From Library Journal
Every new mode of communication provokes passionate debate about its moral and social repercussions. Today we fret over the negative influence of television and the Internet; in the 16th century, it was feared that reading would arouse dangerous emotions, especially in women. Briggs (chancellor, Open Univ.) and Burke (Eyewitnessing) present many such parallels in this overview of media history. They also assert that no medium has ever completely supplanted another. Given their belief in the nonlinear evolution of media, the text moves dizzyingly back and forth, at times verging on stream of consciousness: "The ability to get to Mars would depend on advances in space communications, and this already had its own history in 1960, a point to which we must now return." The index (not seen) and a meticulous chronology should help to alleviate confusion. Readers may feel frustrated, however, by the lack of explanatory notes; the suggested reading for each chapter rarely gives the source for particular quotations or assertions. Recommended for academic libraries needing a general survey of media history. Susan M. Colowick, North Olympic Lib. Syst., Port Angeles, WA
Copyright 2002 Cahners Business Information, Inc.
--This text refers to an out of print or unavailable edition of this title.
'Media history may be the single most important chapter of human history. If we want to understand wars, revolutions, religions, and intellectual movements, then we must ultimately confront the question "Who communicated what to whom -- and how?" For both students and specialists, Briggs and Burke have produced the most comprehensive and concise synthesis of what we know about this subject.' Jonathan Rose, Drew University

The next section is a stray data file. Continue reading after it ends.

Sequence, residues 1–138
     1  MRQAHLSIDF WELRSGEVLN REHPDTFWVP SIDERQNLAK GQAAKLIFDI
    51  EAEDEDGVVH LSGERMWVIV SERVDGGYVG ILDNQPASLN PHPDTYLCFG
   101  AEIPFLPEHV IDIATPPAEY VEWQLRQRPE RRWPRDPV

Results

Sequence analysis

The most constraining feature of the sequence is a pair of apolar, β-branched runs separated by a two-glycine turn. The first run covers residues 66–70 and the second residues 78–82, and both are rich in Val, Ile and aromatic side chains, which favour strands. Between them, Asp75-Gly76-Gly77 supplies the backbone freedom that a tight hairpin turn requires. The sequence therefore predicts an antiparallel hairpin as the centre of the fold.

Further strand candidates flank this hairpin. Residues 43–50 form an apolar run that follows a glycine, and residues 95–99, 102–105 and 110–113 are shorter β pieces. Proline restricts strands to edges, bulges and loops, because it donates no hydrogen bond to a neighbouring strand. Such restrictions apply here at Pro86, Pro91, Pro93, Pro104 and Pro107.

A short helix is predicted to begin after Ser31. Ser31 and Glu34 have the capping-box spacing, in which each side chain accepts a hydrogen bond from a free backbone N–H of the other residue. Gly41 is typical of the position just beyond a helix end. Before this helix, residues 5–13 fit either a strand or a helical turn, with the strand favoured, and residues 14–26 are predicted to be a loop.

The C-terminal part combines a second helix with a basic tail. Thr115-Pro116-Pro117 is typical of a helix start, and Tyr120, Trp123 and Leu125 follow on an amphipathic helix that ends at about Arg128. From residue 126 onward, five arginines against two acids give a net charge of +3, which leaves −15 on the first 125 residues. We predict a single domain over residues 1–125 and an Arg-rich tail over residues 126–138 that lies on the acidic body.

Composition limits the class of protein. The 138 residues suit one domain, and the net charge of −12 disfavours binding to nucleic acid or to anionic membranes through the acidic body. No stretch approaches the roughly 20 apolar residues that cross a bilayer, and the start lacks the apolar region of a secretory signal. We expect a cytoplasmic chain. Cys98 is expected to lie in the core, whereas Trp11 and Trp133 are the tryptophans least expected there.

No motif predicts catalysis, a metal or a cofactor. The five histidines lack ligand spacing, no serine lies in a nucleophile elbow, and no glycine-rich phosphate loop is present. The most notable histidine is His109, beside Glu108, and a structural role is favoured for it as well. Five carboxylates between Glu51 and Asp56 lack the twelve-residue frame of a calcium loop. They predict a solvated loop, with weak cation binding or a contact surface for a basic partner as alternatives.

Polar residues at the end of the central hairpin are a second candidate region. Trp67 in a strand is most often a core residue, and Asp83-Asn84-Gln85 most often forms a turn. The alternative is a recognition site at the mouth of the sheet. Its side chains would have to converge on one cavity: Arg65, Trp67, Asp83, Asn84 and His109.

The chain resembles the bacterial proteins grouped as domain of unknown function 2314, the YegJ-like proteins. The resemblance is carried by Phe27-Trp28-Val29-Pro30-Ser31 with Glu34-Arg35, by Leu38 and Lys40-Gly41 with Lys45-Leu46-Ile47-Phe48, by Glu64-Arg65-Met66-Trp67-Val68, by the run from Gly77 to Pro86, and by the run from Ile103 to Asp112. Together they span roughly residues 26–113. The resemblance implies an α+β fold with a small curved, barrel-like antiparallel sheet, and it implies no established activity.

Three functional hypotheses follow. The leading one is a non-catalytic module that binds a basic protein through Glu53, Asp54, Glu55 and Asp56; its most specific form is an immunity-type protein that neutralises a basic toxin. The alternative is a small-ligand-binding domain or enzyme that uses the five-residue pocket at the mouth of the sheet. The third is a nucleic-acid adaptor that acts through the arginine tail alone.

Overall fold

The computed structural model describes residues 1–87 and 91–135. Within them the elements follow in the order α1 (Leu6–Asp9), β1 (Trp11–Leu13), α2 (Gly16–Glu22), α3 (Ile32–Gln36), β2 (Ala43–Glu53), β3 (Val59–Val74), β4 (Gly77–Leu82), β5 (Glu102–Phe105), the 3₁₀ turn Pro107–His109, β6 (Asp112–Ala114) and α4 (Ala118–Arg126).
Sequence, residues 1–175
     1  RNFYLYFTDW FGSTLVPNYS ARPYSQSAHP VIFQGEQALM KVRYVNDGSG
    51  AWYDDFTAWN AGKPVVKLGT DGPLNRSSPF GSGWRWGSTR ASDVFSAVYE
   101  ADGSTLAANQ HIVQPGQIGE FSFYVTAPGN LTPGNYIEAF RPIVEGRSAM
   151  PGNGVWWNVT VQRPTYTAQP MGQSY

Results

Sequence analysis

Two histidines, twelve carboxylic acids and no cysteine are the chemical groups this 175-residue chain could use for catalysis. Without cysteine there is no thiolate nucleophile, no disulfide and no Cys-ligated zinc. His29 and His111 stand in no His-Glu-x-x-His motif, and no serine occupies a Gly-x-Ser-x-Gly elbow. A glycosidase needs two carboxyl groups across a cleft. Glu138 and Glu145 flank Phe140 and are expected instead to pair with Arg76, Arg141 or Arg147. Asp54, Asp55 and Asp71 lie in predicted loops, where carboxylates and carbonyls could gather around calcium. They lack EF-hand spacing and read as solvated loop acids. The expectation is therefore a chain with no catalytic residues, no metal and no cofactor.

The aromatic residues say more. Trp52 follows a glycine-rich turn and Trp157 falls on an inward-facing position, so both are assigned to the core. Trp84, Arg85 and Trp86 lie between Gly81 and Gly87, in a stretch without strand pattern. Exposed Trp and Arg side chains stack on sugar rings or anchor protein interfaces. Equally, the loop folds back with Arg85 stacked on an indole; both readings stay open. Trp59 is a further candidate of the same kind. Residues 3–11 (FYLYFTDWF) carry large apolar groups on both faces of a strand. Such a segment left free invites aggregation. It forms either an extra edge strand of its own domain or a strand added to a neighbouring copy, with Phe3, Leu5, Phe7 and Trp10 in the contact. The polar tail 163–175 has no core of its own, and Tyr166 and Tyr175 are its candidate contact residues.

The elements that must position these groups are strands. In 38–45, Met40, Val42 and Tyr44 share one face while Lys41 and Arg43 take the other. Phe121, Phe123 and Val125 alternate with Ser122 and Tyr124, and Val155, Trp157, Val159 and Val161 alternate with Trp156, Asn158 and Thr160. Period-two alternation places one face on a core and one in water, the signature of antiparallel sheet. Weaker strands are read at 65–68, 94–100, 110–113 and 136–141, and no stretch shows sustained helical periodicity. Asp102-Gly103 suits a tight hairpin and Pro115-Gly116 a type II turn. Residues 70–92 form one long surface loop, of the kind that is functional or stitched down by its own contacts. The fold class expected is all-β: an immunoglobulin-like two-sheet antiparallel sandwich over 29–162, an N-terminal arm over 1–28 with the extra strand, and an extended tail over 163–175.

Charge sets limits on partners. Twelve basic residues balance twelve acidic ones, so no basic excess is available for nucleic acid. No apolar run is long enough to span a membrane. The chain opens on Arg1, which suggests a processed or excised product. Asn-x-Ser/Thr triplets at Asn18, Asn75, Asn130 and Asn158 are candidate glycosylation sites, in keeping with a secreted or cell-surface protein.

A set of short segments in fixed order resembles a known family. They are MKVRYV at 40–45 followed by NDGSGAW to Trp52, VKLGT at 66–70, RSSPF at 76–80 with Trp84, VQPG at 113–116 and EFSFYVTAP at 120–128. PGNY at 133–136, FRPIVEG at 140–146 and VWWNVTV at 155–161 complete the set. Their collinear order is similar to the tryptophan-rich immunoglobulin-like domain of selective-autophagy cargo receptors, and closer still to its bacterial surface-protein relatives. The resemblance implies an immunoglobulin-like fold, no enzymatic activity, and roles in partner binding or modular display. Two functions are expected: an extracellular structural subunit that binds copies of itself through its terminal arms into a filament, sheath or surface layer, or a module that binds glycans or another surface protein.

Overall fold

'A Social History of the Media is the best synthetic overview of media history available, and is deservedly becoming the standard introduction to its topic. Far more than any competing textbook, this book thoroughly integrates the development of the mass media into the wider fabric of social, cultural, economic, and political history.' Mark Hampton, Lingnan University and co-editor of Media History
'A richly informative account of developments from Gutenberg to Google by two of Britain's leading social and cultural historians. Highly recommended as a source book for all students of media.' Paddy Scannell, University of Michigan